When it was published in 2001, How to Lose Friends & Alienate People
, Toby Young’s memoir of his brief stint as a writer and contributing editor at Vanity Fair
, was celebrated as a snarky, pitch-perfect, borderline insufferable tonic for a world gone mad on celebrity addiction. It was full of indulgent anecdotes and scathing broadsides directed at the world VF
Editor Graydon Carter had perfected: the soul-sucking, spirit-crushing realm of celebrity journalism, where substance is insignificant next to style and where the desire to be liked by famous people (or even to be mistaken for one, if one is lucky) supersedes those sillier journalistic virtues such as objectivity, dispassion, and integrity. No one was safe from Young’s withering, ironic attacks: not Carter, not New York tastemakers such as Sex and the City
writer Candace Bushnell, not even Young himself, who came off as the cleverest and most self-destructive of all jackasses, a true literary and cultural hero for the 21st century, simultaneously flaying and celebrating himself for his and our enjoyment. Unfortunately the film version of Young’s book is more slapstick than skewer, more loving portrait than leveling blow, more Billy Crystal at Katz’s than George S. Kaufman at the Algonquin Hotel. Where Young’s book was a slap in the face, this movie is a kick on the backside, all hokey humor and quaint lovability, which is surprising, considering the film stars the mind (and bulging eyes) behind Shaun of the Dead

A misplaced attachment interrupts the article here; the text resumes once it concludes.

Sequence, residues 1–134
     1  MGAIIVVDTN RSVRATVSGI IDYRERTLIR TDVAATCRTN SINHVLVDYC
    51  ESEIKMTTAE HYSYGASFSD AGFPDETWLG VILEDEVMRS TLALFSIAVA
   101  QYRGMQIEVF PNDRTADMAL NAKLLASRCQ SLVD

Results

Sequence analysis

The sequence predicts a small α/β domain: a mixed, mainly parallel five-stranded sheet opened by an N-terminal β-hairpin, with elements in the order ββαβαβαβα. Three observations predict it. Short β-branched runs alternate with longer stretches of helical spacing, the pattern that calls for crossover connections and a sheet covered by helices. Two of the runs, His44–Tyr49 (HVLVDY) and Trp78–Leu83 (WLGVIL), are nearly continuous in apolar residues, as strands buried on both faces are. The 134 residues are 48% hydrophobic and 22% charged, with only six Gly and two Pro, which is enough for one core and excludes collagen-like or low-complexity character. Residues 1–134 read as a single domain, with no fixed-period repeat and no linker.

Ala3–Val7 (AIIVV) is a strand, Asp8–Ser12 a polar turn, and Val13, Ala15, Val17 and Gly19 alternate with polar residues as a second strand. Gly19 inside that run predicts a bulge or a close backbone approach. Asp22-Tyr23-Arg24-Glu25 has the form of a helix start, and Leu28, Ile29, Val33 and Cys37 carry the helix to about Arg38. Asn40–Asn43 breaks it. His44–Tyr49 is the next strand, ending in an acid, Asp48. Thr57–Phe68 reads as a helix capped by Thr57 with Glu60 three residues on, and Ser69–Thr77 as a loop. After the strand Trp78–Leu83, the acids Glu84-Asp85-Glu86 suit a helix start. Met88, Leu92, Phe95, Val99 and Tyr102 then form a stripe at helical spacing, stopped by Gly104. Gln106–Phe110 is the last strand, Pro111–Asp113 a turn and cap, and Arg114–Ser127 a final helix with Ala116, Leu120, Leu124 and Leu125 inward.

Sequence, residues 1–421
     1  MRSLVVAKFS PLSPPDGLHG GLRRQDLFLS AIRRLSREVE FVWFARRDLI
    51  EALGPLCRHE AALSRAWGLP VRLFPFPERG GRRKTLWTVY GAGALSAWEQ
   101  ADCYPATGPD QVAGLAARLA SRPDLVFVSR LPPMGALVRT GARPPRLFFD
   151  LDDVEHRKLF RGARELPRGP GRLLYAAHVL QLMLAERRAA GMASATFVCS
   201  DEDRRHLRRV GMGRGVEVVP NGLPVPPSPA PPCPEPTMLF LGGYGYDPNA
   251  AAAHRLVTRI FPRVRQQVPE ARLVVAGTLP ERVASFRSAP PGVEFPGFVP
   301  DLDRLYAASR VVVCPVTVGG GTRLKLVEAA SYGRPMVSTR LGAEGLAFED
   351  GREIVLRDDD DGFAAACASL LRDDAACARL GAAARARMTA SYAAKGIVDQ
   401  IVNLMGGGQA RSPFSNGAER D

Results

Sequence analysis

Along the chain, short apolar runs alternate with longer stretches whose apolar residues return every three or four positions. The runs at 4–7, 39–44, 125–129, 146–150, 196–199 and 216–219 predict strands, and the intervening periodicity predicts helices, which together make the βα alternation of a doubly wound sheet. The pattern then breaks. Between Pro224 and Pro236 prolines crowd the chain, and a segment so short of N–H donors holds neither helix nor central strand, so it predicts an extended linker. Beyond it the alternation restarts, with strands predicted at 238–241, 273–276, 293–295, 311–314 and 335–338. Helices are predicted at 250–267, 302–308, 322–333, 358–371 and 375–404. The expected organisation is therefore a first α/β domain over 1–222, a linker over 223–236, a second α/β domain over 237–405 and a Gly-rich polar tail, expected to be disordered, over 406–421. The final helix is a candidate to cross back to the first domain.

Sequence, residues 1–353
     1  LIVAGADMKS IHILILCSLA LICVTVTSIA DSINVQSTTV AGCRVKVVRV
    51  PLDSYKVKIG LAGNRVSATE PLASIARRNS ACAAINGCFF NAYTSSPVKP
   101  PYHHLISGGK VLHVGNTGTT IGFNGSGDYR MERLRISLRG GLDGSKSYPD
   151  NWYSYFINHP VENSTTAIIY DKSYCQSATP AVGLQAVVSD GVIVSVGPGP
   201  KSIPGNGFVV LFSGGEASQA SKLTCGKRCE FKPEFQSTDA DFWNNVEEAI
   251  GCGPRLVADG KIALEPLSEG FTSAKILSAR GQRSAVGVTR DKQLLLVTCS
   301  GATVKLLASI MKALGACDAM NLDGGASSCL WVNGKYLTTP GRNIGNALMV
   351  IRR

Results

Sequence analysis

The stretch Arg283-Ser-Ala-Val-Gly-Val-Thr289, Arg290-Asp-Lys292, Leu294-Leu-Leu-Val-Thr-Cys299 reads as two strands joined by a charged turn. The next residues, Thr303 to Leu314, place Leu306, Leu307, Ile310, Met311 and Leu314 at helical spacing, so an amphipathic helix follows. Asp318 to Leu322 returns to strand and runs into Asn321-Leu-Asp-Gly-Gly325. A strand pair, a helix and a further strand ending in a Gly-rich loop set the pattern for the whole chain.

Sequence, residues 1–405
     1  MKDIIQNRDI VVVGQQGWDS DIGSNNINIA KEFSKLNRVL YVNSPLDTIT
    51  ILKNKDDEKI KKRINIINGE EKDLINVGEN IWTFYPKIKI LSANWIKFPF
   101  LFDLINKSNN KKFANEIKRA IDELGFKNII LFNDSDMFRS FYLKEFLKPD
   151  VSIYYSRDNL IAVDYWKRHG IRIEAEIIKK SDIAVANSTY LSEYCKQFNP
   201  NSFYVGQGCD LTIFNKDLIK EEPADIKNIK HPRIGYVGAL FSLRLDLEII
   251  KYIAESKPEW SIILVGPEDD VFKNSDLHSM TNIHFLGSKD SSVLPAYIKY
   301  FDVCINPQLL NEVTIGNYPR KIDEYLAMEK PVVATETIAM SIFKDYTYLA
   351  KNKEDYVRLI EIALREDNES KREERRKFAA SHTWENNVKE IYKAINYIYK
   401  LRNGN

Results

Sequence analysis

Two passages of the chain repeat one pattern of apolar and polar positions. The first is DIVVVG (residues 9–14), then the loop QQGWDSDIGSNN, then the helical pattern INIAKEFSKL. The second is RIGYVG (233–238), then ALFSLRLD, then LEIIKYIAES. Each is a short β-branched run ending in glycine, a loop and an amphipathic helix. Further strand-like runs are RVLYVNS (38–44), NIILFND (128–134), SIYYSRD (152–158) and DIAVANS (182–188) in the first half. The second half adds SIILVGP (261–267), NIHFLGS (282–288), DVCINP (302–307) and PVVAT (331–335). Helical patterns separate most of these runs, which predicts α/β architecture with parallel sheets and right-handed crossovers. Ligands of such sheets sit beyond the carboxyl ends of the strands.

, Pegg, and is directed by Weide, who helped drag comedy to new depths of corrosive elegance on Larry David’s Curb Your Enthusiasm
. Surely those two could have managed more than this tone-deaf ode to comedic obviousness, right? After all, satire about a self-destructive Freudian head case longing to destroy celebrities while wanting nothing more than to become one, and somehow managing to climb the ladder of success despite the fact that no one anywhere seems to like him, deserves the best work of the subtlest comic minds we have, not the romantic-comedy corn, average wordplay (“He has hidden shallows,” Young mewls at one point about a slimy superior), and family-friendly boorishness Weide and Pegg have resigned themselves and us to with this utterly mediocre piece of nothing. Reducing controversy to mere irritation is a particularly shameful kind of sin, and I hope Young is upset by this adaptation. But, if his book is any indication, he’s probably too busy bathing in the reflected glow of his new Hollywood celebrity to care about something as silly as quality or – God forbid – accuracy.